Exploring scary triggers on his own: Iggy shows his bravery at the Ohanapecosh River in Mount Rainier.
Expanding kitty’s comfort zone: harmful training myths, and how to do it right
Domestic cats descended from small, African felids. Effective hunters as they are, cats are not apex predators. By nature, these animals are both predator and prey animals. This means that cats are naturally skittish around loud noises, unfamiliar animals, and new environments.
Every cat is an individual with different triggers that feel overwhelming or frightening. Our adventure cat, Iggy, has worked through his triggers all of his life: large dogs, joggers, runners, and trucks with loud engines. Scary stuff!
A deeply harmful training myth that applies to both dogs and cats is the idea that animals must be pushed out of their comfort zone. This is entirely unscientific and downright false. Plus, it’s highly likely to backfire. In reality, a good trainer should work very hard to absolutely never push an animal out of his or her comfort zone. So how, you might ask, do they learn? Instead of pushing an animal beyond their comfort zone, you can expand the comfort zone.
Counterconditioning: the antidote to fear
As an aspiring animal trainer and animal behavior geek, I love being armed with a plethora of behavioral terminology. Understandably, not everyone has the time or resources to do the same.
But if you want to learn one extraordinarily useful term, learn about counterconditioning.
Counterconditioning is the process of taking a stimulus- whether it’s a frightening one, or a neutral one- and pairing it with positive stimuli in order to change the subject’s emotions around it. If you’ve ever taken a psychology class, think of Pavlov’s dogs. These hungry canines learned to associate the sound of a dinner bell with a tasty meal, and would salivate at the sound of the bell alone.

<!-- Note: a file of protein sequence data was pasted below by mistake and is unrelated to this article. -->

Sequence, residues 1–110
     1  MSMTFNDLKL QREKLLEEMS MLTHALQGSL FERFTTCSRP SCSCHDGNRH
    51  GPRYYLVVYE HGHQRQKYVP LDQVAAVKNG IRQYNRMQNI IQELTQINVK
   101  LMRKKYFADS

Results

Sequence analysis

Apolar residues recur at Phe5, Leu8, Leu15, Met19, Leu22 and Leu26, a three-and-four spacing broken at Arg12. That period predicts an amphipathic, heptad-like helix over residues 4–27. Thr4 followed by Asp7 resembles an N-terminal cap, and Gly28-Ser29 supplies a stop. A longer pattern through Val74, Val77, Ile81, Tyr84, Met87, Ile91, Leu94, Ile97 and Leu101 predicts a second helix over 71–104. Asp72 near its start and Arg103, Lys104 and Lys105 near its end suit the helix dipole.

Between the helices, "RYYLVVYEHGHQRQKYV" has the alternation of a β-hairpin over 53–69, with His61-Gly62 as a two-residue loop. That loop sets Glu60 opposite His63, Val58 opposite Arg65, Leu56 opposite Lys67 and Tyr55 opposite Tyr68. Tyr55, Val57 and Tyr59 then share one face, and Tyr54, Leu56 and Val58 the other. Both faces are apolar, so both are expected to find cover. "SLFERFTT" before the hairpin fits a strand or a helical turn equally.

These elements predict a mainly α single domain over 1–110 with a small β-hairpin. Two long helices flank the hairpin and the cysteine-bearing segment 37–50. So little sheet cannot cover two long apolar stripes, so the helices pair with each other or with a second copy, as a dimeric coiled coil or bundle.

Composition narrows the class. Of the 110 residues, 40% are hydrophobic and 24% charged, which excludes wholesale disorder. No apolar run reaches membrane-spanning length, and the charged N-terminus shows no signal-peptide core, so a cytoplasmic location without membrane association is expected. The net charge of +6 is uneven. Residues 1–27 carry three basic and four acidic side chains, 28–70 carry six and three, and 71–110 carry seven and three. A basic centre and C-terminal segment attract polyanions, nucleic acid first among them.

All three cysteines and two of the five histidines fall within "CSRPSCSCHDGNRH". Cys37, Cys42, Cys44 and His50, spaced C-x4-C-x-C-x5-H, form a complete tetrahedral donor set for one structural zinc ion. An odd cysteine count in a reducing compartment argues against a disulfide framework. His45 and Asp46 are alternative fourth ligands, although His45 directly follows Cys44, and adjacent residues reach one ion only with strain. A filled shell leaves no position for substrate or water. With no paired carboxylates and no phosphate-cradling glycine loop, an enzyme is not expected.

You can use counterconditioning in endless ways with your pets at home. One method is to use this to prepare them for the outside world. Get your treats ready! You can start with low-volume audio of car sounds, ambulances, dogs barking- anything that might be frightening to a cat. Mark, reward. Given that the cat remains unphased and comfortable, you can gradually increase the audio, continuing to mark and reward.
If your cat is comfortable in the car, you can use this tactic to expose kitty to the sights of dogs, joggers, cars, and more from a safe vantage point. It’s always better to over-prepare and have a positive first adventure experience than to under-prepare and have kitty’s first adventure end poorly.
Never force an animal to move towards something frightening- even if it seems like a silly fear to you. Yes, that plastic bag flapping in the wind is a very real and serious threat in kitty’s mind! Instead, boost your cat’s confidence by showing them that you respect their desire to feel safe. Use counterconditioning out on walks, rewarding the cat for looking towards new objects. The more positive experiences your cat has, the more their confidence is going to improve, and the more likely they will be to investigate “scary” things on their own.
One of baby Iggy’s first adventures fully harnessed up.
Introducing the leash and harness
Nina, my girlfriend, began desensitization training with Iggy when he was just an infant. She was lucky enough to have fostered his orphaned litter from four weeks of age, so she had plenty of time to work with him.
Iggy began harness training at just ten weeks old, which gave him a massive advantage. That doesn’t mean that an older cat can’t be trained for adventuring- it just might take more time, and things might progress a bit more slowly. That’s okay!
Little kitten, big world! Iggy learns to associate the leash and harness with treats, fun, and visiting new places.
So, here’s your first counterconditioning homework. Your neutral stimulus is your cat’s new harness. Your positive stimulus, as always, is tasty, stinky treats.